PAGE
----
Anyway, fast forward a year or so later to August 2011. Ong Ngoai just had his first stroke, and he was in the hospital. He was delirious. He was talking in his sleep, mumbling random things, trying to get out of bed while sick. Occasionally, various family members would stay by him and watch him to make sure he didn't do anything crazy.

One night Viet was staying with him, and Ong Ngoai was having a flashback dream to a conversation he had with my Mom. She had told him about how I wanted to study statistics and how she had convinced me to do a different program. He mumbled a response in his sleep that I should be able to study statistics if I wanted. Statistics is used world wide, and not many people can understand and be good at statistics. If I studied statistics, I could do great things and help a lot of people.

Now, you may wonder why this is such a significant memory for me. Well, pretty much my whole life, I've always felt like a dunce in the family; particularly because I am terrible with Vietnamese. I have always had a hard time communicating with Ong Ba Ngoai. I'm lucky if I can understand a quarter of what they say. When they talk, I usually just sit there and look stupid. This has always made me feel like a black sheep in the family (not to mention the fact that everyone thinks I'm a complete weirdo).

This conversation made me really feel more connected to the family. Even though I could barely understand him, and he could barely understand me, he still fully supported and believed in me. I never ended up switching back to statistics, and I was never there when he said any of this, but it is my memory of him that I cherish the most.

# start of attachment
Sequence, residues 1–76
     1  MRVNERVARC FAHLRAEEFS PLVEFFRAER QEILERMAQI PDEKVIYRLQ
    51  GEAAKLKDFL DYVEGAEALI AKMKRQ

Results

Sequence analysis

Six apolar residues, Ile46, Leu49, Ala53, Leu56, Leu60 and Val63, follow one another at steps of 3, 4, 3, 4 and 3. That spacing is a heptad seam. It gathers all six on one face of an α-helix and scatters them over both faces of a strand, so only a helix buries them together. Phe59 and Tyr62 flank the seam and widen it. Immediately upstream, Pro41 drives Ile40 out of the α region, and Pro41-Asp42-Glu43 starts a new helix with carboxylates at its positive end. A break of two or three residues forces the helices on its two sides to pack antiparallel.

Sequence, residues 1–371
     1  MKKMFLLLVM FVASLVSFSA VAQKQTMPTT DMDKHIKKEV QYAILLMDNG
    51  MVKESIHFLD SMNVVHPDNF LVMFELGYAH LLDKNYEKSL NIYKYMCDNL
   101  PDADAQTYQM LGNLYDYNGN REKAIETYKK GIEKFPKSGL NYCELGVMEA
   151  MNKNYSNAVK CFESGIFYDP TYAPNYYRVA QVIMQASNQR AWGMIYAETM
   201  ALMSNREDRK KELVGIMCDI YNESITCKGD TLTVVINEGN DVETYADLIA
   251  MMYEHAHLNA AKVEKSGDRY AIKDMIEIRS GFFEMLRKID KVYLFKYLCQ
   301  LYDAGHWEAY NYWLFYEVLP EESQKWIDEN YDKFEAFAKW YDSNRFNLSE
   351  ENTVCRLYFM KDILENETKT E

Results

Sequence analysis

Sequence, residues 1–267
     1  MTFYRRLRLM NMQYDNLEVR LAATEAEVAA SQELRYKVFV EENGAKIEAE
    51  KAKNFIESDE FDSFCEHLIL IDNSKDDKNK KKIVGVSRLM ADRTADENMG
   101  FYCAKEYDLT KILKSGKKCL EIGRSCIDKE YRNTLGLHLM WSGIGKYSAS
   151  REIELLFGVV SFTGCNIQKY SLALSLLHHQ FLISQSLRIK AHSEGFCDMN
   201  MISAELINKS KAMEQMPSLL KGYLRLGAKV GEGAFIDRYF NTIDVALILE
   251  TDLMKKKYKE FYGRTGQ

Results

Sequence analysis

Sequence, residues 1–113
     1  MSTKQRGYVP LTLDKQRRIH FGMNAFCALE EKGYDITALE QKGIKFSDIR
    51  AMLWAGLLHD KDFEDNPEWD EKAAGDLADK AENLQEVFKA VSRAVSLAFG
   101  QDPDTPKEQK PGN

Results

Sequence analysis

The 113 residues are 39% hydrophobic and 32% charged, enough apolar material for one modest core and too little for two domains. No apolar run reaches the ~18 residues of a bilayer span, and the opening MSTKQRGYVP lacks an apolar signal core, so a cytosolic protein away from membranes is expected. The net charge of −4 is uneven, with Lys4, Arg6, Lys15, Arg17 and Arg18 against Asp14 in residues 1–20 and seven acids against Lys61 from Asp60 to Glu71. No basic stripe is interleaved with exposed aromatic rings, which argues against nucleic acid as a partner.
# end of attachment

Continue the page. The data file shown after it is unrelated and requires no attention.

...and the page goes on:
Tuyet-Anh Tran

11 avril 2013

Xin chia buon cung Tien va tang quyen. Cau nguyen bac trai som ve coi Phat.

10 avril 2013

Hi anh Tien, anh Tai,

Gia dinh em xin that that chia buon voi gia dinh anh chi.

em Huy + em Tran + be' Bo`n Bon

10 avril 2013

Anh chi Tien-Huong,
Thanh kinh phan uu, va thanh that chia buon cung anh chi va gia dinh.
Nam & Chuong Dai

10 avril 2013

Hi anh Tien and anh Tai,

It is a very touching tribute to Bac Hai! Please accept our condolences to you and your family!

Sincerely,
Giao, LanChi, and Brandon

10 avril 2013

Anh Tien,

Em thanh ki'nh chia buon cung anh va gia dinh, cau nguyen vong linh bac an nghi noi chin suoi. Doc bai tho va ba`i viet ve bac, that hay va cam dong lam. Doi nguoi vo^ thuong, mong anh va gia dinh dung buon nhieu, va hay bao trong suc khoe.

Em Nhon

10 avril 2013

Chao anh Tien chi Huong,

Gia dinh em xin thanh that chia buon voi gia dinh anh chi va dai gia dinh bac Hai. That la mot su mat mat lon cho gia dinh.
Em xin cau chuc huong hon cua bac som duoc ve noi mien cuc lac.

Neu em co the giup duoc gi thi xin anh chi cho biet.

Gia dinh em Lam

10 avril 2013

Tien-Huong, Tai-Hoa Ly:

Our deepest sympathy goes out to you and your family for the big loss.
I have faithfully conveyed to friends what Huong just talked to me.
As usual, I will co-ordinate our caring friends for the condolences.

Keep me informed on the funeral, as well as where we will direct our friend's "Phung Dieu" to.
Please let me know if anything I (and our friends) can help during this difficult time of your family.


Xin Thành Kính Phân Uu cùng gia dình và
C?u Chúc Huong H?n Bác Trai S?m Tiêu Diêu Noi MÌnh C?c L?c,

Khi?t & Thùy Duong.

Vivian Nguyen

10 avril 2013

Dear chu Tien and chu Tai,
I send my most heartfelt sympathies to you and your family during this difficult loss. You both have helped my family and I greatly and our thoughts are with you.